Wednesday, September 18, 2019
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Online Gambling Site Golden Palace Pleads Guilty to Charges in Canada

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Golden Palace, the online casino that grew their fame by utilizing odd advertising schemes, pleaded guilty yesterday to charges of illegal online gambling in Quebec, Canada.

According to a French language news radio station the infamous online casino, owned by Cyber Group World, has pleaded guilty to two charges of illegal gambling and now must pay a fine of $2 million.

Cyber Group World, along with many other companies who run online casinos – that amount for over 60% of the Internet’s gambling traffic – are licensed by the Kahnawake Gaming Commission, which is run from native Indian Mohawk land in Canada.

The Mohawk representatives claim they are able to issue licenses to online casinos because they are protected by the Canadian Constitution, which states in section 35 that native Indian rights are protected.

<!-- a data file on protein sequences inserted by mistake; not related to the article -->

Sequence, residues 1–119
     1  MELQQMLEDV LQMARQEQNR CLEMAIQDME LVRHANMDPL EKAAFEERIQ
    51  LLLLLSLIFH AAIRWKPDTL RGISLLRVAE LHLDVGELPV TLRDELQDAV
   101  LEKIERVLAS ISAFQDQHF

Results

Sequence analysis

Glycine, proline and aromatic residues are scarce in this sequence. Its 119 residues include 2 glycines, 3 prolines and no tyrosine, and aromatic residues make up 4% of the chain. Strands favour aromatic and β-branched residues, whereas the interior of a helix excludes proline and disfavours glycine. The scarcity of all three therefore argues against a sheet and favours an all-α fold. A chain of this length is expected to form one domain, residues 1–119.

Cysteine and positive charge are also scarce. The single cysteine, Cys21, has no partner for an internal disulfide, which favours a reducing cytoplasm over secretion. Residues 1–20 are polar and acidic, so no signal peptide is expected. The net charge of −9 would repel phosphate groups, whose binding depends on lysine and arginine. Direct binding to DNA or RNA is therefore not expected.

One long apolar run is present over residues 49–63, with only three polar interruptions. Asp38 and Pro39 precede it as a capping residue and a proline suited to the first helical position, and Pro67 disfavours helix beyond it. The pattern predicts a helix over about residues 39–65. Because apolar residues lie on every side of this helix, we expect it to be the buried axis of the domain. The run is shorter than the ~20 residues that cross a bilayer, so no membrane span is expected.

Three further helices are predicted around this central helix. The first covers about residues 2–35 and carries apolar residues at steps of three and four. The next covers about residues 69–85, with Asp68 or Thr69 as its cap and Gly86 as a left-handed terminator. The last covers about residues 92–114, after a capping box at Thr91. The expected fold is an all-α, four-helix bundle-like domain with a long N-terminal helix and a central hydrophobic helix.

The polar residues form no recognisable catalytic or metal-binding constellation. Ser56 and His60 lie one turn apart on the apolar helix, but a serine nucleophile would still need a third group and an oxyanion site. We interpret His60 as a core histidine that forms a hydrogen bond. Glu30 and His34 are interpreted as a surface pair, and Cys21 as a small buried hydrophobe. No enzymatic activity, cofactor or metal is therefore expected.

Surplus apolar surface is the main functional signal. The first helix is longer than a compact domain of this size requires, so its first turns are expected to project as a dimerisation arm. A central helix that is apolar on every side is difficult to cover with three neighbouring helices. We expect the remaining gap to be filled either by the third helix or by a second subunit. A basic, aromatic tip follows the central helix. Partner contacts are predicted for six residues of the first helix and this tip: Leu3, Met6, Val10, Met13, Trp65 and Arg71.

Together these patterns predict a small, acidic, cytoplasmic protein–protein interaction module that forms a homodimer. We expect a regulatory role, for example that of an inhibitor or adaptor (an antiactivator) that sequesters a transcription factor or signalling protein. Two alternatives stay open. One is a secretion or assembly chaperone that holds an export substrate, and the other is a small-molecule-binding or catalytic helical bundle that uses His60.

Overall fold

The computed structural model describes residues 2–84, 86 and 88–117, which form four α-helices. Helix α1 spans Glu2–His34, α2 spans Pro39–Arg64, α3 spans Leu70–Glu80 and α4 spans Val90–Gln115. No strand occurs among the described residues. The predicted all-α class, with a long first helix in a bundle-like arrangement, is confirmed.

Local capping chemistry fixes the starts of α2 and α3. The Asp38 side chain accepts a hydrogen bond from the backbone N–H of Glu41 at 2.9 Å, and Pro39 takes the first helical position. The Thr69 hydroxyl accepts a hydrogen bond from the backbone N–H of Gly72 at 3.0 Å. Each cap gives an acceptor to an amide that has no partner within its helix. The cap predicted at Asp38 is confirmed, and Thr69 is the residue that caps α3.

Joe Delaronde, a Mohawk representative, told CBC News that they have issued over 400 licenses and are well respected around the world for providing fair and properly regulated licensing systems.

The charges against Golden Palace, who have their offices outside of Mohawk territory in Canada, came about because Canada says only licenses issued by the provincial government are recognized by the country.

The case is similar to the American online gambling laws in that the answer to this dilemma is undefined and has never been ruled on in a court of law.

Police Storm Twenty Genesee County, Michigan Bars in Gambling Raid

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Over eight months of investigation culminated on Monday when federal, state, and local police officers raided twenty bars in Genesee County, Michigan.

The raid started Monday morning at 9:00 A.M. at Cloud Nine Bar, and then proceeded over the course of the next few hours at other bars in the county.

A staggering $8 million was said to have been involved in the investigation, a figure that came straight from Michigan State Police Inspector Ellis Stafford.

“We estimate that $8 million was lost to the state or otherwise hidden through this illegal gambling”, he said.

State liquor control officials notified police of the illegal gambling back in March, and the investigation started shortly after.

Convictions of illegal gambling can come with up to ten years in prison.

In addition to the bars, police were also at Hatch Enterprises, owned by Craig Hatch. Hatch owns a local chain of bars in Michigan.

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